A note to our regional unemployed
Posted 28 February 2011on:
As with budgets the figures given in many reports produced by experts pushing their own barrow are designed more to confuse than inform. Take the National Broadband Network for example. Depending on which media is the source of their information – newspaper, television or radio- little wonder voters are confused as to its cost: will it cost $35 or $44 billion or, will it cost less than the former but greater than the latter?
If evidence was ever needed to show the duplicity of barrow pushers, the Climate Change Institute’s report, Clean Energy Jobs in Regional Australia. Launched today by Tony Windsor MP, the report gilds the lily by saying that almost 34,000 jobs could be generated in regional Australia by 2030 if the Government introduced ‘strong and decisive pollution and climate change policies, including a price-tag on pollution.’
34,00 jobs sounds great (and that is the number that will be pushed continually in the media by the Institute and The Greens). But what can be extrapolated from this jobs figure is, that up to 2030, 1798 jobs will be created annually and shared by every State and Territory.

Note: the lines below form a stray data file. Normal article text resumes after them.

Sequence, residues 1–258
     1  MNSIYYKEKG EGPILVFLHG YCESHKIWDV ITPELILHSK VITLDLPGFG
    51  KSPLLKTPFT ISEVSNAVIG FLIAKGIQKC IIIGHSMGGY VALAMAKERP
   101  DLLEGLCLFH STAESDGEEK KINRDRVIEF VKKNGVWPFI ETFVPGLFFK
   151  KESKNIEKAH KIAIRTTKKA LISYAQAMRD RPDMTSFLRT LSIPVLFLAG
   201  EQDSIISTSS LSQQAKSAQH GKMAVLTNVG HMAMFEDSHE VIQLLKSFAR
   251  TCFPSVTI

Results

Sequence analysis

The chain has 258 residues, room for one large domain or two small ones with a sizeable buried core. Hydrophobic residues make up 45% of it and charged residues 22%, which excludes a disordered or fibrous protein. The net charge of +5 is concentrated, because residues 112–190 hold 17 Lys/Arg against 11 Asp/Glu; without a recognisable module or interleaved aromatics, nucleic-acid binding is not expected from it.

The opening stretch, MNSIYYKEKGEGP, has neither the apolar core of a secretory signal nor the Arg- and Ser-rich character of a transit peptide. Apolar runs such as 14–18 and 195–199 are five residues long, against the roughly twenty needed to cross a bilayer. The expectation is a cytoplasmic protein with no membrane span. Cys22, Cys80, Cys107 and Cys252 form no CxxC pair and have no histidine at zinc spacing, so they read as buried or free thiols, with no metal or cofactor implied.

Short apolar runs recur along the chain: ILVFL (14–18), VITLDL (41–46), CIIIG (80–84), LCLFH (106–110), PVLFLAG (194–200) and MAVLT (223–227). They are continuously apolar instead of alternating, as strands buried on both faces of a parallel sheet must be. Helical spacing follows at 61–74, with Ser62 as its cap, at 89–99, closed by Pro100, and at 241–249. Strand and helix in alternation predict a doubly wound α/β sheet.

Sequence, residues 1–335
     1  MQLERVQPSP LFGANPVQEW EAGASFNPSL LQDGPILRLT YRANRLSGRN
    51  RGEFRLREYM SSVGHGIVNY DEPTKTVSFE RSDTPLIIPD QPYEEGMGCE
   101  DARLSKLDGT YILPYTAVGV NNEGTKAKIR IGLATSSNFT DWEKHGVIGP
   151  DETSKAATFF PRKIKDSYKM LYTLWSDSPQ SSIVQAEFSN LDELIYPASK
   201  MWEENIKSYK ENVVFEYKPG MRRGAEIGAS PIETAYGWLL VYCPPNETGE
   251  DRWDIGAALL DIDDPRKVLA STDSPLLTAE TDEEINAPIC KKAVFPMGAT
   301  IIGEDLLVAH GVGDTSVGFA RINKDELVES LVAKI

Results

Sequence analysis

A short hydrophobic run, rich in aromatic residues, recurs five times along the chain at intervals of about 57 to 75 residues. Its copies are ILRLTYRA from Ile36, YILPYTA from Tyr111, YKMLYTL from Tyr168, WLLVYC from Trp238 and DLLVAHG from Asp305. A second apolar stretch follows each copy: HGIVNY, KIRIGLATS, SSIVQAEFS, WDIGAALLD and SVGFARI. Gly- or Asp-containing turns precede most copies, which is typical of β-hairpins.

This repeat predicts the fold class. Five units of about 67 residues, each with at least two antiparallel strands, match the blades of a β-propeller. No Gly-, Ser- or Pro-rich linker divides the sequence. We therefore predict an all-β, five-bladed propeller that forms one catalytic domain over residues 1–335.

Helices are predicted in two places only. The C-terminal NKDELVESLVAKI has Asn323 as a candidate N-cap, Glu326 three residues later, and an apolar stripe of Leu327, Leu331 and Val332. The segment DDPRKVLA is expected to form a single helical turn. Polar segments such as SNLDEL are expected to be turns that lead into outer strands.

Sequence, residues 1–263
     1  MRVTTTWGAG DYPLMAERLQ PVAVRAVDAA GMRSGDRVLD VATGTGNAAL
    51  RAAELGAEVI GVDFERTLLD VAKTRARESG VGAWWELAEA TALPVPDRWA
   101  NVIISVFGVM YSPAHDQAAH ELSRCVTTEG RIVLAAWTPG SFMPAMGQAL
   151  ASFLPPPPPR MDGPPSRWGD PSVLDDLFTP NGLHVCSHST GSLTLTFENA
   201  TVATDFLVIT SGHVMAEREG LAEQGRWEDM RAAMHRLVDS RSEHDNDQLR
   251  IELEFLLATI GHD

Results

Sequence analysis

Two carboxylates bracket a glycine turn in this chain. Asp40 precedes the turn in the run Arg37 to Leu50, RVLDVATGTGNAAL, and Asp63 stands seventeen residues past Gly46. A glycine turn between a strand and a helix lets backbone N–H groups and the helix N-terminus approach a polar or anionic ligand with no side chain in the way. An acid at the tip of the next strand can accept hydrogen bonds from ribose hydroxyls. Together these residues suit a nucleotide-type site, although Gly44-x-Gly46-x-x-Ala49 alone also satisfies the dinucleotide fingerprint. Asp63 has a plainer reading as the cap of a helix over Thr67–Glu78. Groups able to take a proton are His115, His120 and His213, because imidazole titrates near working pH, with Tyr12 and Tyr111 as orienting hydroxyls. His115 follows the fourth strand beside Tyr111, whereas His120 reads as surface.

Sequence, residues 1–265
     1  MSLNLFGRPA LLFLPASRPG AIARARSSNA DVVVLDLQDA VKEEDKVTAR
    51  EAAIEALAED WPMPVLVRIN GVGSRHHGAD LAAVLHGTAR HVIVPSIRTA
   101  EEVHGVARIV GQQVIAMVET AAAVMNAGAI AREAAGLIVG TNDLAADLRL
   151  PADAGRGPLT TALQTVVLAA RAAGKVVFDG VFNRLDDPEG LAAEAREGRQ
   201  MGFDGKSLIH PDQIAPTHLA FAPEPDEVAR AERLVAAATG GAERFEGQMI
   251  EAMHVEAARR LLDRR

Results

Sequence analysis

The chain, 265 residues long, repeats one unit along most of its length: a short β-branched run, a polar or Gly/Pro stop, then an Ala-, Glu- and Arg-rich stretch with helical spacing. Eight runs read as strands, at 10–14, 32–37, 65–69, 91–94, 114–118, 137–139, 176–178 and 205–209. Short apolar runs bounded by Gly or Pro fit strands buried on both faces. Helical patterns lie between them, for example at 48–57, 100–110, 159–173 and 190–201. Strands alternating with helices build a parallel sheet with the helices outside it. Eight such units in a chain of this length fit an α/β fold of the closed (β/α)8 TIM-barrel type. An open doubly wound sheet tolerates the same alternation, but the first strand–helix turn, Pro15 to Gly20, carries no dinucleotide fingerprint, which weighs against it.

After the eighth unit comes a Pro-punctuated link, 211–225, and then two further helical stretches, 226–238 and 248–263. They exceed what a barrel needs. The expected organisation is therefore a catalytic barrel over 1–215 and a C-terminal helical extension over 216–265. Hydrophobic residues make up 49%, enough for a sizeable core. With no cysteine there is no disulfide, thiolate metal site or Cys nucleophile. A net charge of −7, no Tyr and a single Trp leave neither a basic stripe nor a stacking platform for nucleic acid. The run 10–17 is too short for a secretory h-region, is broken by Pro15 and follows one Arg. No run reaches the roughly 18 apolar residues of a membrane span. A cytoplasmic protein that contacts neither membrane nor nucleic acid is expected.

This is not something to crow about when Australia’s population will grow by multiple thousands between now and 2030. To extrapolate further, it means that, annually, every State and Territory will get 223 new jobs. Isn’t that wonderful.
I must say however, that because of the large concentration of mining and associated industries in regional Australia I find it strange that unions have jumped to support the Institute of Climate Change when the opinion of people in regional Australia seems set against the measures proposed by the Institute because, in their opinion, the extra expense caused by the Institute’s proposals will lead to job losses.
And so relentlessly the Green bandwagon moves on. But as opportunists short of political principle jump on the bandwagon, as sure as night follows day, their weight will help cause a breakdown leaving both Greens and the unprincipled stranded in the political desert. One can only hope that that no one throws them a political lifeline.
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